This presentation discovers sources and methods that will prove helpful for genealogical research in Poland today. It deals with aspects of Polish history, different forms of Polish family names and Polish church records in a specific part of Poland which historically was called Prussian Poland. This is roughly the area of Wielkopolska (Greater Poland) today, around the cities of Poznan and Gnieszno.
Finding a birthplace is essential for doing German research! This presentation aims to show you how to use local information together with online maps and gazetteers to help you locate the place of origin of your German families. Once this is known the next step is to the relevant repository for the actual records and this presentation provides some suggestions as to how to take this step. The presentation shows some of the structure and contents of German civil and church records.
An overview of the life and lifestyle of Welsh agricultural labourers in the 19th century, including habitations, diet, wages, migration and agitation for change.
Have you noticed that the given names of our eighteenth and nineteenth century British ancestors were drawn from a surprisingly small pool? But how small a pool? How common were our ancestors’ given names? John for example was carried by one in every five English males. The four most popular male names were carried by one in every two males. And the top thirteen male names were carried by 87% of the male population indicating that all of the other male names in use at the time were together borne by only 13% of the population. That being the case, the usual popularity lists found on the internet – those that record the top 10, 20, 50 names – are unhelpful unless they provide frequency statistics. This seminar focuses on given name popularities, changes in popularity, and the reasons for such changes. It also covers spelling variants, abbreviations and diminutives. For example, if you don’t know that Polly was a diminutive of Mary or that Nellie was a diminutive of Ellen and Eleanor and Helen, you may struggle to find your ancestors’ entries. Our ancestors’ names provide the gateway into tracing our family history. Learning more about their names may prove useful in determining their ancestry or finding other family connections.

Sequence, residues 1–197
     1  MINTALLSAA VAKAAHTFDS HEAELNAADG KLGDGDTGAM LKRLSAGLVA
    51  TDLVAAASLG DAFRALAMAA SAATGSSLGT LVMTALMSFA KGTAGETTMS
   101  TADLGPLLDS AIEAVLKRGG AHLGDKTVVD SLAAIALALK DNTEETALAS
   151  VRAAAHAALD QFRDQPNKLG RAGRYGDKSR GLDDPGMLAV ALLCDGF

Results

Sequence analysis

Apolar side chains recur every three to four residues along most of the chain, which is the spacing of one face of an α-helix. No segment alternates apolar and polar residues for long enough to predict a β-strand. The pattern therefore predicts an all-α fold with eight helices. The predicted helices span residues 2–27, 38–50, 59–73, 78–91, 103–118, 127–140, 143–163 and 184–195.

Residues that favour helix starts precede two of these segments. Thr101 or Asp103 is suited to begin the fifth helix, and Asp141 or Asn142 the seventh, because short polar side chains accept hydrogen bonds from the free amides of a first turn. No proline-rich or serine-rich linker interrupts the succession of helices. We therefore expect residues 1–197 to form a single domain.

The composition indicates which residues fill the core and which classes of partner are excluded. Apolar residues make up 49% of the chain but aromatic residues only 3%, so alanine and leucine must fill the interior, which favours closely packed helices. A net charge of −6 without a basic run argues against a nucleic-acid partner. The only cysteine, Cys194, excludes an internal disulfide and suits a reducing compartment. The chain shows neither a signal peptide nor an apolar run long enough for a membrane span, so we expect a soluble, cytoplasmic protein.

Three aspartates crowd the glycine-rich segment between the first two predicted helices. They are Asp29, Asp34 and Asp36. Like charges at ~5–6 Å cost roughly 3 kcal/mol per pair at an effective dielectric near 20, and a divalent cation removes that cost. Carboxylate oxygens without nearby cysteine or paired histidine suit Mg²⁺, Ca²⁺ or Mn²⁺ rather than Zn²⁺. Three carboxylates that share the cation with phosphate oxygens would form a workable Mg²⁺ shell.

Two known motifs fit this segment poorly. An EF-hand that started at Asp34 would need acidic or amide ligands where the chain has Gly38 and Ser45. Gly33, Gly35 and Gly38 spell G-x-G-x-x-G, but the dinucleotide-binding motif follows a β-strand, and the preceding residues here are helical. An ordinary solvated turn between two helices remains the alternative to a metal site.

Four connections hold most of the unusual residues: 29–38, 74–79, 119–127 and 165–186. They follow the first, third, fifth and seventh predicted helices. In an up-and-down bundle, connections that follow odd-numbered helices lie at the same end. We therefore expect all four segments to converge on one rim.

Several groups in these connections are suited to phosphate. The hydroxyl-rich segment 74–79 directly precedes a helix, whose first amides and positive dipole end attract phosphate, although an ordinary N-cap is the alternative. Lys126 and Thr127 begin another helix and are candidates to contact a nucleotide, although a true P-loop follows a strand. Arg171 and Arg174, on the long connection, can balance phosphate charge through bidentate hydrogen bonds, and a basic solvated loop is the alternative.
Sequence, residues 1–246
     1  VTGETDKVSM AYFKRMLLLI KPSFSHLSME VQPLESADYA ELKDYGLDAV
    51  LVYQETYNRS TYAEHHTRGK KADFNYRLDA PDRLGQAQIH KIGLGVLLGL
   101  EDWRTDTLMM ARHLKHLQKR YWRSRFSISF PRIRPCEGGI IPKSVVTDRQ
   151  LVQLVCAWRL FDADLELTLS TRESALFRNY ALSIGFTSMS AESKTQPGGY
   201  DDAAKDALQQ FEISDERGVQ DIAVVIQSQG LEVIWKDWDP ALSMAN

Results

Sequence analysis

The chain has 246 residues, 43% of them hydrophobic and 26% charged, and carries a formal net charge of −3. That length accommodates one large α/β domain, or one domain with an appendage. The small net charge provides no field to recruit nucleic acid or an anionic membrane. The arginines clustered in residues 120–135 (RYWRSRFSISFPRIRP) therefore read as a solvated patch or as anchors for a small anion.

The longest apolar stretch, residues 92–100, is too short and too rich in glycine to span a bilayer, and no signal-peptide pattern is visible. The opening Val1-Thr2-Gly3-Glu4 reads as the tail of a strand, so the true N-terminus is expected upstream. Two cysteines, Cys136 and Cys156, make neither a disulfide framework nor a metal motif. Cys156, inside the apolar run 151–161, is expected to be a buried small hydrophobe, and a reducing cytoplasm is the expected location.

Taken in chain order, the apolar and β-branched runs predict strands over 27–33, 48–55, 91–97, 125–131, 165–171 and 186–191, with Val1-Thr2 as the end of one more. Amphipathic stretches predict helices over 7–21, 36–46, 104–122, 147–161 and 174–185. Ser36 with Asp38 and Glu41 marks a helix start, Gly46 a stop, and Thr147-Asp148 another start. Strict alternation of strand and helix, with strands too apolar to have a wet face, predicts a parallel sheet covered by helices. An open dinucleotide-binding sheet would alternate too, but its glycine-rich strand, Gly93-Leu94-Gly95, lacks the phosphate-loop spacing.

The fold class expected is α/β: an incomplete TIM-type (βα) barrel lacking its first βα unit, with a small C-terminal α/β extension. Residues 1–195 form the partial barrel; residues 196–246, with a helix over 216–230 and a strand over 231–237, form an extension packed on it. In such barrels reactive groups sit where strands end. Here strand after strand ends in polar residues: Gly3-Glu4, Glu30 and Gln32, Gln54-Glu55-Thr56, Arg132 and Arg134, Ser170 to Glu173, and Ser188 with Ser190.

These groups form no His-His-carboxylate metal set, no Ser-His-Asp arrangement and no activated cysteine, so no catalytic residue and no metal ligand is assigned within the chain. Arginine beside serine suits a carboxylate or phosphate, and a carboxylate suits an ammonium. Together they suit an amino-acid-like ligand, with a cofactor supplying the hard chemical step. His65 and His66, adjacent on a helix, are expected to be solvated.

This talk briefly describes church and nonconformism and the major challenges for a genealogist in locating baptisms, marriages and burials in Wales.
This lecture will focus on the real-life account of how genealogist and writer, Nathan Dylan Goodwin worked to try and uncover the truth about his grandmother’s wartime romance; a romance which led to the birth of an illegitimate child, who was then adopted soon after her birth. Nathan will discuss each step of the complex process and methodology behind his research to identify that child’s biological father, sifting through official documents and revealing long-hidden family secrets. He will explain the range of genealogical methodology approaches, archives and services exploited, including DNA-testing, which assisted and ultimately confirmed this three-year search's discoveries.
This introduction in Dutch genealogy shows how to search for people in the Netherlands, what records to use (civil registration, censuses and church books) and where online to look for them.